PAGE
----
The UN is facing backlash following the revelation that a large portion of its Syrian aid was funneled through organisations closely aligned with the Assad regime.
Tens of millions of dollars were donated to various charities and businessmen connected with Syrian President Bashar Assad, sometimes in direct conflict with US and EU sanctions, an investigation by The Guardian has revealed.
Beneficiaries of the aid include charities set up by the president’s wife, Asma al-Assad, and another by his closest associate, Rami Makhlouf, who has been described as the "poster boy of corruption" on the US diplomatic scene.
Among the contracts is a $13m sum to the government aimed at boosting agriculture, despite the EU having prohibited trade with the agriculture department.
Another contract from the World Health Organisation (WHO) shows a $5m donation to the country’s blood bank, which is operated by Syria’s defence department.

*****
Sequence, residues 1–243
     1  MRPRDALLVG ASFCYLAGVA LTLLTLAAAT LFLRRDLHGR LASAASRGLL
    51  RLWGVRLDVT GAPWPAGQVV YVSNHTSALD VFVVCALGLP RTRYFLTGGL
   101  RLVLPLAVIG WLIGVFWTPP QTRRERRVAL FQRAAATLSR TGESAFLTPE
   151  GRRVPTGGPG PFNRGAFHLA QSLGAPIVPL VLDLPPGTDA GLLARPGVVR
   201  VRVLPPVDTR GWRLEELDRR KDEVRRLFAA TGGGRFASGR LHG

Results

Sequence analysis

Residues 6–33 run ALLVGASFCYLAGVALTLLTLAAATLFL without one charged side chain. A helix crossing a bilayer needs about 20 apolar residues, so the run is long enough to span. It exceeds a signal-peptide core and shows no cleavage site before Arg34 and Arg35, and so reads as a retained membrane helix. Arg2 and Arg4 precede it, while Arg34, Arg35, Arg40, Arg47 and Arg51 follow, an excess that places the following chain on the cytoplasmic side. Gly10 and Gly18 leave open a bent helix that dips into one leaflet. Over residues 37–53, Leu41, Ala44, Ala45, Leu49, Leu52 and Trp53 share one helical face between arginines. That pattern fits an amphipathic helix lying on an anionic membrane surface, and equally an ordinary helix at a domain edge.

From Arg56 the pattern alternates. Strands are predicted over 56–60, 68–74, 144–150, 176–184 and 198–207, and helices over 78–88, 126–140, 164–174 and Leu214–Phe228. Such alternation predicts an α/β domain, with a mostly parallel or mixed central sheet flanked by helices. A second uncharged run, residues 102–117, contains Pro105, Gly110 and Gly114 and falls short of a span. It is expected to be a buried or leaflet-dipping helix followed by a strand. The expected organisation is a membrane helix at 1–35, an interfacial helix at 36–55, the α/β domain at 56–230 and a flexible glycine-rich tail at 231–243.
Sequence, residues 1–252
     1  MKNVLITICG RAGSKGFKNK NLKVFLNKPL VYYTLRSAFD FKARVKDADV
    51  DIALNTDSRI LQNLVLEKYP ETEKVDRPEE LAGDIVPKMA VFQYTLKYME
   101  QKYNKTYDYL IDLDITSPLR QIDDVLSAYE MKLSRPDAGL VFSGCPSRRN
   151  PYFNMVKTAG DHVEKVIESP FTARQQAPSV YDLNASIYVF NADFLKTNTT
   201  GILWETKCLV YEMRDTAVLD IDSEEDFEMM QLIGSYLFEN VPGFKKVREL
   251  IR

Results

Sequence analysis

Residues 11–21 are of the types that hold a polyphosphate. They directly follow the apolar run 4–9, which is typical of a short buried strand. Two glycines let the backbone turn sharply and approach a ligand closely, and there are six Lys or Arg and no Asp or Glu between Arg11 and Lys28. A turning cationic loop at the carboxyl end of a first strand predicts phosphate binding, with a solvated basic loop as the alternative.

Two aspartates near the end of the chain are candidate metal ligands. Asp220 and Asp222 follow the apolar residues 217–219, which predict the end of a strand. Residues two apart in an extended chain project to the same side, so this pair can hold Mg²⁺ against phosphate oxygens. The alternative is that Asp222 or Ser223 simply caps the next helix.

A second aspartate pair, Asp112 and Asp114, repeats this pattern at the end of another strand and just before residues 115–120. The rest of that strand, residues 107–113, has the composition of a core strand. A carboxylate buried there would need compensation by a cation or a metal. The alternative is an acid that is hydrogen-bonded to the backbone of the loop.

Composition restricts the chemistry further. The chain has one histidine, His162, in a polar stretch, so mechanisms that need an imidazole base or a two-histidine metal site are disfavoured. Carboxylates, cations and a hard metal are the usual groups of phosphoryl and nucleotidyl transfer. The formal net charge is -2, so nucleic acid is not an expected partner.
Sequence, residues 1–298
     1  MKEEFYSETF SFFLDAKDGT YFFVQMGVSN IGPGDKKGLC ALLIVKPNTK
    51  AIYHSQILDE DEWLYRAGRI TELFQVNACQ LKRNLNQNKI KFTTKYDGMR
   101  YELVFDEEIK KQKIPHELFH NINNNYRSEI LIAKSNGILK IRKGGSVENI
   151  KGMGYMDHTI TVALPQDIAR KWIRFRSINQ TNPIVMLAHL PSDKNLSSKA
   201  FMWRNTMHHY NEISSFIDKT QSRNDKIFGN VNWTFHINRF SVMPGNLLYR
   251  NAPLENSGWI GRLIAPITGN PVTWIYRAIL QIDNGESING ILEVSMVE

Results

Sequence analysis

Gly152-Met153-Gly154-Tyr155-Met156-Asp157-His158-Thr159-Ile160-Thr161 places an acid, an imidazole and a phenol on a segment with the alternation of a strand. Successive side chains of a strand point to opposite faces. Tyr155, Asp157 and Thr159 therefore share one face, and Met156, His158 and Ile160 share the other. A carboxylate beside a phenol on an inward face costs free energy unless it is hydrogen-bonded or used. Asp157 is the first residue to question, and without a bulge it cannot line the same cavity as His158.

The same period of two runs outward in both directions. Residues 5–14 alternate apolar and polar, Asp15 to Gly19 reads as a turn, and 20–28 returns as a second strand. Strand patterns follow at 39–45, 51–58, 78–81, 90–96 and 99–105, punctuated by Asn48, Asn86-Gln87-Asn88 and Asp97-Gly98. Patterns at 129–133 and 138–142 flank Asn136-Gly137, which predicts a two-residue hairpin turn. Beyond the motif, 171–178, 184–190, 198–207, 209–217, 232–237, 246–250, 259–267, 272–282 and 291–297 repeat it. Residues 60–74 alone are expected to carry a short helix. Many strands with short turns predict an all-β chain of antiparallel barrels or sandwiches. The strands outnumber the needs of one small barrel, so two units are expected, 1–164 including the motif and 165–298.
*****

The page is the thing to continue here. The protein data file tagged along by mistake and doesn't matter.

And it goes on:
The revelation has provoked fierce criticism of the UN, with critics claiming the UN mission in Syria risks being compromised.
The apparent bias towards the Syrian regime is particularly contentious given Assad’s propensity for systematic human rights abuse, including widespread torture and the incessant barrel bombing of innocent civilians.
The UN responded, saying that they operate in an “extremely challenging” area.
“Our choices in Syria are limited by a highly insecure context where finding companies and partners who operate in besieged and hard to reach areas is extremely challenging,” they said.
This is not the first time the UN faced such controversy. In June, the Syria Campaign issued a report accusing the UN of letting the Syrian regime control aid deliveries and “direct aid from Damascus almost exclusively into its territories.”